Organic Search Engine Marketing
Organic search marketing, or search engine optimization (SEO), is a basic building block of driving traffic to your website and building revenues for your business.
Amazingly, some claim that SEO is dead and that all of the changes rolled out by Google, Bing and Yahoo over the last few years have made organic search marketing a futile effort. However, as data from comScore shows, over two-thirds of searches on the Internet begin in a Google search box.
To put it another way, when all of Google’s services —search, Gmail, YouTube, etc. — unexpectedly went offline in August 2013 for a mere 12 minutes, worldwide traffic on the web dropped by an astounding 40 percent!
That fact alone should quell any claims that organic search marketing is a waste of time.
17 On-Page Ranking Factors for Successful Organic Search Marketing
Now that we’ve established some reasoning of the importance of SEO, let’s dive into some of the core ranking factors Google uses to rank websites organically. By organic, we mean rankings not derived from a paid ad or a news story.
According to the The UnFair Advantage Book at Search Engine News, these factors can be broken into two categories — on-page (internal) and offsite (external). Today we’ll be exploring the on-page ranking factors.
On-page internal ranking factors
On-page ranking factors are ones found within your site, meaning you have complete control over them.
- The Meta Title: Considered the most important internal ranking factor, theis for telling the search engines what your page is about.
- The Meta Description: A block of text where Google pulls the descriptive information it displays directly below the title in a search engine results page.
- Header Tags: The H1 tag is one important place where Google and other search engines will look to find keywords or phrases that provide clues on what your page is about.
- On-Page Anchor Text: Although not as important as in years past, these are keyword hyperlinks within your copy. It’s recommended you limit anchor text links to only a few per page.
- Keywords in Body Text: Your site’s copy, or body text, is the meat of what Google indexes, which is what it uses to determine if your page is relevant to a given search query.
- Images: Search engines can’t exactly see your images, but they can see the filename and Alt tag. Many people use Image search, so you don’t want to miss out on this potential source of traffic.
- Keyword Density: Again, this is a ranking factor that isn’t as important as it once was, but having a strong density of your primary keyphrase is another way Google can determine what exactly your page is about. It’s vitally important that your copy make sense to human readers. Stuffing keyphrases in for the sake of doing it will result in a penalty.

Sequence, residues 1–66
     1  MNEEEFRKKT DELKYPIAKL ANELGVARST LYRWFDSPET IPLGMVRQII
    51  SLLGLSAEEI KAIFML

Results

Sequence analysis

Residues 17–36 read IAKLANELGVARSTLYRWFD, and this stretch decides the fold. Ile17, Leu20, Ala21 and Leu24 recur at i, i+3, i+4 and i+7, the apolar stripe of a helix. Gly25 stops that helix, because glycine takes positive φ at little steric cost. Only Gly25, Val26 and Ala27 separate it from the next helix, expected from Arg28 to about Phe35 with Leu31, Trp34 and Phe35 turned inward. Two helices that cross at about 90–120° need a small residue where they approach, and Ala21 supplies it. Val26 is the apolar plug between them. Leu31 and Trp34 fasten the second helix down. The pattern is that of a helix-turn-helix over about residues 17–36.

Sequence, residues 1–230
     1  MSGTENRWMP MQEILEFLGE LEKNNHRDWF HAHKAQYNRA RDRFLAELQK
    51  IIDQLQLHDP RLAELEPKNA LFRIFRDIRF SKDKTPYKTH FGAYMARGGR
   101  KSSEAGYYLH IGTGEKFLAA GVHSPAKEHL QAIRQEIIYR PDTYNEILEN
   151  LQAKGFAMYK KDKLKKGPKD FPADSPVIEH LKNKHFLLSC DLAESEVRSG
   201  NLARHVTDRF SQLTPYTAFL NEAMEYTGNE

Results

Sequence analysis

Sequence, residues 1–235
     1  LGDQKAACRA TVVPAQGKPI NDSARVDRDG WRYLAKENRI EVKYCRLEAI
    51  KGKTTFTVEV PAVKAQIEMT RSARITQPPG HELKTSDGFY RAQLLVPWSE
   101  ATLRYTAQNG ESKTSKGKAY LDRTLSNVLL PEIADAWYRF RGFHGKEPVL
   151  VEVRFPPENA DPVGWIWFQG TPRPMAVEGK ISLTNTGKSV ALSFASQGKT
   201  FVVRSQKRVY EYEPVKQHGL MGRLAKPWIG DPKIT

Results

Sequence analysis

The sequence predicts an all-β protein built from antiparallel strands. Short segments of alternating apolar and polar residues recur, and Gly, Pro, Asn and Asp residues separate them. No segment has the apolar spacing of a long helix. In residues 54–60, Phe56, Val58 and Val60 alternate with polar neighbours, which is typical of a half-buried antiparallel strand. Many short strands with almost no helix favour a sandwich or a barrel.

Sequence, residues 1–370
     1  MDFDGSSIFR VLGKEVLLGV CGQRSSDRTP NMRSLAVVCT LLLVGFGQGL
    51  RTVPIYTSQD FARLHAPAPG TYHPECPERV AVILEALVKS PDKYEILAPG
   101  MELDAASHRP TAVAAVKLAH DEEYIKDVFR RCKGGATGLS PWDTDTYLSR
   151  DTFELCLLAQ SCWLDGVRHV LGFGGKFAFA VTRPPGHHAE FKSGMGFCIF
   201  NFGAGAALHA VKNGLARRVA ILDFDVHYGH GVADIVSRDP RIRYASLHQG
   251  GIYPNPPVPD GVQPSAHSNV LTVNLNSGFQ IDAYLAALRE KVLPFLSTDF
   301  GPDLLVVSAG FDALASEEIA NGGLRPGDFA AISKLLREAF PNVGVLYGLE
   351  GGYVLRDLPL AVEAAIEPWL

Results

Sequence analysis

- URL Structure: Keeping your URLs simple and including a keyword is another way you can provide a slight boost to your rankings for a given page.
- Uniqueness of Content: Original content is probably the biggest on-page ranking factor. Google has become quite adept at spotting duplicate content. This fact can be especially challenging for e-commerce firms.
- Mobile Compatibility: This is one ranking factor that’s become increasingly important in recent years due to the proliferation of smartphones and tablets. Google began giving preference to sites that were fully mobile compatible in July 2013.
- Page Freshness: Newer, fresher content enjoys an advantage over older content, which is why you should always be updating your best performing pages.
- Geolocation Signals: Including information like your address and phone number is especially important for businesses serving a specific geographic area.
- Web site Architecture: Including Flash menus or dynamically generated web pages will prevent the search engine “spiders” from crawling and indexing your site. Making it as easy as possible to crawl and index your site is a critical part of organic search marketing.
- XML Sitemaps: Short for Extensible Markup Language, the XML Sitemap is how you tell the search engine what pages you want it to index.
- Robots.txt: This file basically provides a roadmap to the search engines for finding the content you want indexed.
- URL Redirection: Also known as URL forwarding, a URL redirect is vital for both the search engines and your site’s visitors should you move your page.
- Canonical URL: This is your preferred URL. It’s important to note that http://www.yourdomain.com and http://yourdomain.com are not the same URL. Some will link to one while some will link to the other. Without establishing your preferred URL, you risk dividing your PageRank.
Organic search engine marketing is often overlooked by companies who want to focus efforts on paid links, ads and landing pages. However, organic ranking is important. It tells users that your content is relevant on its own, without paying for placement.
If you want to learn more about an effective organic SEM strategy, contact us today.